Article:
Yes, it is a time filled with challenges. And, yes, there is much to be optimistic about as we work to create a better future.
Jeffrey A. Poage, MD
Vice Chair Legislative and Practice Affairs Division
The battle to preserve MICRA looms large for 2014. Strong political advocacy is a key goal for this year.
On a professional level, I am working to improve team dynamics in the OR by helping implement a new simulation program in a community hospital setting.
Overall, I plan to express more gratitude to family and friends, colleagues and co-workers. We should all appreciate those who make each day a good one!
Keith Chamberlin, MD, MBA
Vice Chair, Legislative and Practice Affairs Division
As I watch ACA and other agendas develop around us, I am concerned more about my well-being as a patient than as an anesthesiologist or physician.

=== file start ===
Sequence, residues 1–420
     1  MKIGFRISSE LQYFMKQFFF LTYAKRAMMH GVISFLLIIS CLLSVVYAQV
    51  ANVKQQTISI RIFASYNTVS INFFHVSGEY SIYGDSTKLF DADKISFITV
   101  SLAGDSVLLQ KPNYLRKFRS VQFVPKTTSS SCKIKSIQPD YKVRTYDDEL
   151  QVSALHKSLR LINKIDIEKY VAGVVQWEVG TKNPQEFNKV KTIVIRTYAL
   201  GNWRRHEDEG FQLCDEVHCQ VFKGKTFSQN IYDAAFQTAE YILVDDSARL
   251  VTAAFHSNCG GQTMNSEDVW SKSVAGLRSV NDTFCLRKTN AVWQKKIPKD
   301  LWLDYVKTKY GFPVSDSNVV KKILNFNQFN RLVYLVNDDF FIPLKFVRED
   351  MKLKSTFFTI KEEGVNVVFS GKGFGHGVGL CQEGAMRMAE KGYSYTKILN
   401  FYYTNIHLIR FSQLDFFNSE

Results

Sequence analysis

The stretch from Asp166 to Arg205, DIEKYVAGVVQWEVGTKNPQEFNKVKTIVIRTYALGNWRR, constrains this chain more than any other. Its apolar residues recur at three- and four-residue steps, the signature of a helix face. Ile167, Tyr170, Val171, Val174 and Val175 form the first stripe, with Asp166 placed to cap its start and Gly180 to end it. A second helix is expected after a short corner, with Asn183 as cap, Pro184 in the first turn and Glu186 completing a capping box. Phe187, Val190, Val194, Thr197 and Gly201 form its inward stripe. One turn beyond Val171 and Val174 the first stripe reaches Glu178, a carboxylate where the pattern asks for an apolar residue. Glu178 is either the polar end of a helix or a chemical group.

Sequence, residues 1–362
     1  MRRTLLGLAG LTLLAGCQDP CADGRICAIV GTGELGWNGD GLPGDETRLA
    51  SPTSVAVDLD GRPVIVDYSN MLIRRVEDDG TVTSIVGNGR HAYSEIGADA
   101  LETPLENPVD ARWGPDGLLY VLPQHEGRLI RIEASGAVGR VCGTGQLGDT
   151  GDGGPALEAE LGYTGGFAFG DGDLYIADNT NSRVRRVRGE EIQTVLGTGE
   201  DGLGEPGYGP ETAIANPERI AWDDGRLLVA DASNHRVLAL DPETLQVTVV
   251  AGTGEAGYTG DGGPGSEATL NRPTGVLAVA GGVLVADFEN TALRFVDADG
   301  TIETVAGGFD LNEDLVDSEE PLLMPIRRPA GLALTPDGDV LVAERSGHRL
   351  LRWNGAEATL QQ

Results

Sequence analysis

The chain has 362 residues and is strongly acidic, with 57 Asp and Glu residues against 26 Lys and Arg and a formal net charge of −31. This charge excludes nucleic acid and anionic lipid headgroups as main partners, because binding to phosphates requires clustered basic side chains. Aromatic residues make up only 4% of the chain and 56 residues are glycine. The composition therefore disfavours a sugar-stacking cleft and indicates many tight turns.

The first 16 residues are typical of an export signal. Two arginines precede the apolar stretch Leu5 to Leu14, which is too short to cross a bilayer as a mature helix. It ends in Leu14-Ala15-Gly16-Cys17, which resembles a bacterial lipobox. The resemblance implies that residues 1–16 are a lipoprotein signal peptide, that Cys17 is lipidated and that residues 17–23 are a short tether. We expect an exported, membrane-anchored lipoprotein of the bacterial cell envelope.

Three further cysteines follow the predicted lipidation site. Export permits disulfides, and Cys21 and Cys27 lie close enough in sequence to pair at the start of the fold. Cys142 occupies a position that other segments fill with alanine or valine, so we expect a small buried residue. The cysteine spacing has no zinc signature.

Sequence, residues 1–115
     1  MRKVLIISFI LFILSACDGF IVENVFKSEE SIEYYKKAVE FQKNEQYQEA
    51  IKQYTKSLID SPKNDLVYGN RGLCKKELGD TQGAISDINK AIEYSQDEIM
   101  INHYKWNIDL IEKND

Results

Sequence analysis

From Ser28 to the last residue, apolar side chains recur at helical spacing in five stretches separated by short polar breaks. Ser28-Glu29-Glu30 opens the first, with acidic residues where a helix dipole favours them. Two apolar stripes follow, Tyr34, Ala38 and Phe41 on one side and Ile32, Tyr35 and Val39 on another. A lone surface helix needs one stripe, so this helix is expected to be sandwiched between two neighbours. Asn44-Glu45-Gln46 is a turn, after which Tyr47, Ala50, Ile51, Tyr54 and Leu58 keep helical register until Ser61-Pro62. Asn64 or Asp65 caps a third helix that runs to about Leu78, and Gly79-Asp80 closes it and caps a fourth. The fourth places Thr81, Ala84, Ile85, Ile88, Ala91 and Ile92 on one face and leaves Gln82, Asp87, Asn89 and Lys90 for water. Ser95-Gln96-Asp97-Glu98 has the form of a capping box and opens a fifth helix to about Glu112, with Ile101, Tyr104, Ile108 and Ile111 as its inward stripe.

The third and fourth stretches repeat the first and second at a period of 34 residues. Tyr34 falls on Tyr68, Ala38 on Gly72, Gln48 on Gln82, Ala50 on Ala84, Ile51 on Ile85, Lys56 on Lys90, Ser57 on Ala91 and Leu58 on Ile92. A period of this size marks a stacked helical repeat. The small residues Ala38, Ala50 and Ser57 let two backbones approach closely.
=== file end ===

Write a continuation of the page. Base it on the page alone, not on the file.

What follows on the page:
My personal goal and for the CSA and physicians in general, is to do what I can to ensure physicians either regain control or stop the erosion of physician-led medicine, not just anesthesiology. As physicians, we appear to have become targets in a campaign to devalue education and training in medicine, as some with less education and training may think they are equal to fully-trained physicians. The ACA seems to be designed to help people without insurance while hurting those with insurance. I hope to make a difference through the CSA and through the Health Council of my local congressman.
But I am worried as a patient. I want the doctor who WANTS to stay with me and care about me, not the one who just wants to get the boxes completed in the electronic health record. I want my doctor to break the rules for ME and anyone else who falls outside the "guidelines." This is a critical time in medicine and it has nothing to do with incomes, it has to do with who has control over those providing direct patient care.